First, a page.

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As winter temperatures arrive in northern Nevada, REMSA Health is offering tips to help community members navigate the colder months safely.
Be cautious when shoveling snow
Annually, snow shoveling results in around 100 fatalities and 11,500 injuries and medical emergencies that require an ambulance and a visit to the emergency room. Here are a few tips for safe snow removal
- Warm up: Prepare your body for shoveling by doing some exercise to warm up your muscles. This enables more oxygen to reach your muscles and reduces risk for injury.
- Work on your form: Concentrate on using your leg muscles for lifting, rather than straining your back.
- Heart rate: Cold weather can increase heart rate and blood pressure. Stop immediately and call 9-1-1 if you’re experiencing any signs of a heart attack, which may include:
-chest discomfort with uncomfortable pressure, squeezing, fullness or pain
-pain or discomfort in one or both arms, the back, neck, jaw or stomach
-shortness of breath
-breaking out in a cold sweat, nausea or lightheadedness
- Know your blower: Keep hands and feet out of the snow blower. Even if you’ve owned your snow blower for years, it’s best to review the safety manual before operating it.
In case of a minor injury caused by snow shoveling, like a wrist sprain or muscle strain, please contact your doctor or visit an urgent care clinic near you.
Prevent falls in icy weather
Ice can create hazardous walking surfaces, which poses a higher risk of falls for everyone during the winter months, but especially for older adults and if they are taking an anticoagulant it can increase the severity of the fall compared to falling while not taking an anticoagulant. Fall-related ER visits are more common in winter for older adults, according to one study. Here are a few tips to prevent falls:
- Promptly spread deicer after a winter storm to reduce the risk of falls.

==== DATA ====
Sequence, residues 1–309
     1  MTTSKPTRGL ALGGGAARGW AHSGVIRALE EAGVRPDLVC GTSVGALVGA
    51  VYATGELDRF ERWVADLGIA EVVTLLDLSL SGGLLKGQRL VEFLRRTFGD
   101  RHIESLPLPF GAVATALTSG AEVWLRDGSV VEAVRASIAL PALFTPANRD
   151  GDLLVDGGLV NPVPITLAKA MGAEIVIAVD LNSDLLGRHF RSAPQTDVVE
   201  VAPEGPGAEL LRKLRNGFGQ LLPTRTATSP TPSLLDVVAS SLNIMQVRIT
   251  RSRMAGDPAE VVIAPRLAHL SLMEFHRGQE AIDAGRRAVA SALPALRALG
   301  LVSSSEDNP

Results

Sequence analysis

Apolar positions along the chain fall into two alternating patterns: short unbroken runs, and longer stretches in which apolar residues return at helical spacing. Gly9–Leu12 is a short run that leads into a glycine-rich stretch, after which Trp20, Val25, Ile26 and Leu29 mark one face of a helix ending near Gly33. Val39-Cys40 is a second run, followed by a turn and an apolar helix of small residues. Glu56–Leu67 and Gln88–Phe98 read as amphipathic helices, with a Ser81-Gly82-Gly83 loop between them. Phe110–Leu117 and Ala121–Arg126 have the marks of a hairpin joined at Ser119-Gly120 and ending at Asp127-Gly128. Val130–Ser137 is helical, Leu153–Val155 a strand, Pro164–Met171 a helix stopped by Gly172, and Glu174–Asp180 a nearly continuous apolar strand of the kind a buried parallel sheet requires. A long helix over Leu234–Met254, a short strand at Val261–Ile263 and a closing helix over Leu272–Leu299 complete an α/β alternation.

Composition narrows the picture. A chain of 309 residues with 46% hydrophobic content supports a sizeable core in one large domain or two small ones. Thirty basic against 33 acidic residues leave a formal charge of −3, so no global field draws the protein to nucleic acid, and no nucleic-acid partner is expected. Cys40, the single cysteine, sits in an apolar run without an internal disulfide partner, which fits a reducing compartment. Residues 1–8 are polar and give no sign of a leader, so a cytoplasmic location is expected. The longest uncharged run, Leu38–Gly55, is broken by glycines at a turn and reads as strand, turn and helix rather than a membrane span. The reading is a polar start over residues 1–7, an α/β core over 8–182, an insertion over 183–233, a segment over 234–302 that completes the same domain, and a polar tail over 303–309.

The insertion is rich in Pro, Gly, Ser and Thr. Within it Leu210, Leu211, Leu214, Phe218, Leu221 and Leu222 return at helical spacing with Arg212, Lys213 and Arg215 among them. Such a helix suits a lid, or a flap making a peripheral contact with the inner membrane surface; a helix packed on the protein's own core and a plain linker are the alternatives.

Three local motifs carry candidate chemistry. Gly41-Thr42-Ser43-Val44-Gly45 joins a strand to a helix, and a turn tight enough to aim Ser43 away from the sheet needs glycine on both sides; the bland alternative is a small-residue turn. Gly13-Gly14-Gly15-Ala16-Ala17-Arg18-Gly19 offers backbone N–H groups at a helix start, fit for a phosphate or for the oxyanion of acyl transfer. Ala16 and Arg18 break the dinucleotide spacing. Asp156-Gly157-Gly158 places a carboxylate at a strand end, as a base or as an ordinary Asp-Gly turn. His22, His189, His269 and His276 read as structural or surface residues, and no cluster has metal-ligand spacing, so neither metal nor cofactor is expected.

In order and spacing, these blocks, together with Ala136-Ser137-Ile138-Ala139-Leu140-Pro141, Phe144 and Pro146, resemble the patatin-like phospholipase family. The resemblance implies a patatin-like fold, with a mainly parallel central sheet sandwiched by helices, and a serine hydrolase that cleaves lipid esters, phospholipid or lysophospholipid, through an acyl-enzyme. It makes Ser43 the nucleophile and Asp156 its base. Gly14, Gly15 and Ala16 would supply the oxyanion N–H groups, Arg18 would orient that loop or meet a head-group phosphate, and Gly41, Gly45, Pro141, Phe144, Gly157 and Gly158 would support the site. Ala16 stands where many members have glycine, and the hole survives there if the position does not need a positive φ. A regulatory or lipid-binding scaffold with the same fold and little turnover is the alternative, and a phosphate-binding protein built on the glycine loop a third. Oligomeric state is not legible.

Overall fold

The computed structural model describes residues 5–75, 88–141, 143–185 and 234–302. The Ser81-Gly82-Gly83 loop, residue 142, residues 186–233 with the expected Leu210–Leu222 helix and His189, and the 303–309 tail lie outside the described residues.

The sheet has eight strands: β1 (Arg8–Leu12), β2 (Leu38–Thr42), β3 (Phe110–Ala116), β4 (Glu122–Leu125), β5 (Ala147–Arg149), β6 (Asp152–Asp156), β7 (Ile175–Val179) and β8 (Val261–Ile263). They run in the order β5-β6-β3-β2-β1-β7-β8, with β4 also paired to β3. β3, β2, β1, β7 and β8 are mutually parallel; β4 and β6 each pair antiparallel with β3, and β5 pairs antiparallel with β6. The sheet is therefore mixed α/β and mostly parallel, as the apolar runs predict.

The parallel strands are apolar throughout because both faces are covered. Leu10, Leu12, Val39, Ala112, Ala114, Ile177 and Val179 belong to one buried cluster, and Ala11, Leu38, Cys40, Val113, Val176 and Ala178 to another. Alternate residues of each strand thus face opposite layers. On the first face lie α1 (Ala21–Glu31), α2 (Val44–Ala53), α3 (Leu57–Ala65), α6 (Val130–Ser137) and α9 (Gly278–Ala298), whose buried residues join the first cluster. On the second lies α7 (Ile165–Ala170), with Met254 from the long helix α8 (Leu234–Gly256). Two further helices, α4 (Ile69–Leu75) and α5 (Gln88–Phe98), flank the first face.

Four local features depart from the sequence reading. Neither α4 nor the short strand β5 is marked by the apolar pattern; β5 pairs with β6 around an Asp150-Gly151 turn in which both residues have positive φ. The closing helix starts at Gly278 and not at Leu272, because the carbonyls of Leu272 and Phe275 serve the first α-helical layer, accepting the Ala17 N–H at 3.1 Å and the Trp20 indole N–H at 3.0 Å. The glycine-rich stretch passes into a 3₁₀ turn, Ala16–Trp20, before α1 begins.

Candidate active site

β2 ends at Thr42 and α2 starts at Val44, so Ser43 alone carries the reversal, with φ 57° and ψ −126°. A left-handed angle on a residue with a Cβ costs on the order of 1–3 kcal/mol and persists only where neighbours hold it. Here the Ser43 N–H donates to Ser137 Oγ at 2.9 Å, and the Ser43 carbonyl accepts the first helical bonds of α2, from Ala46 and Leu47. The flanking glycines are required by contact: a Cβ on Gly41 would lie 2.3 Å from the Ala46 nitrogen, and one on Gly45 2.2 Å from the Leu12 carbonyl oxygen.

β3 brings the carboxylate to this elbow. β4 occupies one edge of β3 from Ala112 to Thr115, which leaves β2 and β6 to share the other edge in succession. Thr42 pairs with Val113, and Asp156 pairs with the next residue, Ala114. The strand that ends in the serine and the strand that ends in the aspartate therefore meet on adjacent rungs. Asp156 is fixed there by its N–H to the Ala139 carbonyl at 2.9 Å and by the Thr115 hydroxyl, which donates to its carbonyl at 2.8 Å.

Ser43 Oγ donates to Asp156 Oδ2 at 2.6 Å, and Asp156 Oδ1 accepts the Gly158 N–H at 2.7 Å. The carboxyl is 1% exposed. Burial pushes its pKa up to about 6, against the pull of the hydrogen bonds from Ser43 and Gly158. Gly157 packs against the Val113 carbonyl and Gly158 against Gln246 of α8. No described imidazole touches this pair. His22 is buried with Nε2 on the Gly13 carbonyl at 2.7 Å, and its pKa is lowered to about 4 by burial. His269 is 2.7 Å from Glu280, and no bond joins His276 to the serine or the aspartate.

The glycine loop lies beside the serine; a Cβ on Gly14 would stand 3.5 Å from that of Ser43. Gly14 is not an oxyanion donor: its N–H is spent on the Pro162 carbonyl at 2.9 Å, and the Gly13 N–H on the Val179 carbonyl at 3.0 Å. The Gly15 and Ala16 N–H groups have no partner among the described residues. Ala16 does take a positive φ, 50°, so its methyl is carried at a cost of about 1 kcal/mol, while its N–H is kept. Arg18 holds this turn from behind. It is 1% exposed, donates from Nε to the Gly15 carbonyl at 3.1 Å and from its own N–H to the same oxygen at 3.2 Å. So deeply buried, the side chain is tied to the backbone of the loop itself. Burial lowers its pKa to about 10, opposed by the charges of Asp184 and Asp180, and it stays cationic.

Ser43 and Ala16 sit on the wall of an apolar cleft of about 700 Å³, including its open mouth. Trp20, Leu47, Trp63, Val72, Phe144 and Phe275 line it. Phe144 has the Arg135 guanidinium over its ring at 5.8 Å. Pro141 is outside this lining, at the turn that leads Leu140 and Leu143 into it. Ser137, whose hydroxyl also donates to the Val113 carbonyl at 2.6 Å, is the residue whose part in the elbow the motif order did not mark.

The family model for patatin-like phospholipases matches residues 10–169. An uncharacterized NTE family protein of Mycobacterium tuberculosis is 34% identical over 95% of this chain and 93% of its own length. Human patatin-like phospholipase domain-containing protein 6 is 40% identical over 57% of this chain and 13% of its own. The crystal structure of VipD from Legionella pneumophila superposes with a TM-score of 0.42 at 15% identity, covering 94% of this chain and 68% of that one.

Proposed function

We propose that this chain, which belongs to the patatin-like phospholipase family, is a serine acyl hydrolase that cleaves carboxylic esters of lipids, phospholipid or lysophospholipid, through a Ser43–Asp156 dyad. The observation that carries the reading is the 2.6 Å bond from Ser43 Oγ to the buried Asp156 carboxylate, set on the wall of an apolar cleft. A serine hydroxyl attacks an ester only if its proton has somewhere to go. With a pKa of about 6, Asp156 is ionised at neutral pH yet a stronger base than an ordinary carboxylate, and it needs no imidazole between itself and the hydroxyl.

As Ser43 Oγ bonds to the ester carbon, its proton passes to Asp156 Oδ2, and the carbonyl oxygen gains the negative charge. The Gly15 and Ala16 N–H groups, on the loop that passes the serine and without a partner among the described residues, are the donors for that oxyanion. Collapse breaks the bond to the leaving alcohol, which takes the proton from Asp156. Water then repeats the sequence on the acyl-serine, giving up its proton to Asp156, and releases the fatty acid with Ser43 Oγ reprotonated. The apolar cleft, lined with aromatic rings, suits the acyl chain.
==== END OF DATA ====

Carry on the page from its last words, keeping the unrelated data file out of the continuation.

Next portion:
- Take short steps and walk at a slower pace.
- Keep your hands free to brace yourself to help prevent severe injuries.
- Wear boots or shoes with rough, slip-resistant soles. Rubber soles are safest.
Know the signs of hypothermia and frostbite
Cold can turn dangerous, resulting in hypothermia or frostbite, especially for people who are at higher risk, including older adults, infants and people who are outside for long periods of time.
These cold-related illnesses can be prevented by dressing in warm layers, gloves, a hat and a scarf before going outside.
Here is what you should know about hypothermia and frostbite:
- Hypothermia symptoms can progress from shivering, loss of coordination and function of the hands, to more severe symptoms including confusion and disorientation, inability to walk or stand, pupils becoming dilated, pulse and breathing becoming slowed, and loss of consciousness.
- Frostbite symptoms may include reddened skin with gray/white patches, numbness in the affected area, the affected area feeling firm or hard, and blisters on the affected part.
- Call 9-1-1 right away if you think someone has warning signs of hypothermia or frostbite.
- While you wait for help to arrive, you can:
-Try to move the person to a warm, dry place.
-Wrap the person in a warm blanket, towel or coat. Even your own body warmth will help by sitting or lying next to them.
-Give the person something warm to drink, but avoid drinks with alcohol or caffeine.
-Do not rub the person’s legs or arms.
-Do not try to warm the person in a bath.
Knowing what to do is an important part of protecting your health and the health of others during the winter season. Taking a first aid course or becoming certified in cardiopulmonary resuscitation (CPR) are excellent ways to ensure you’re prepared. REMSA Health offers community courses to those looking for first aid and CPR education and registration can be completed online.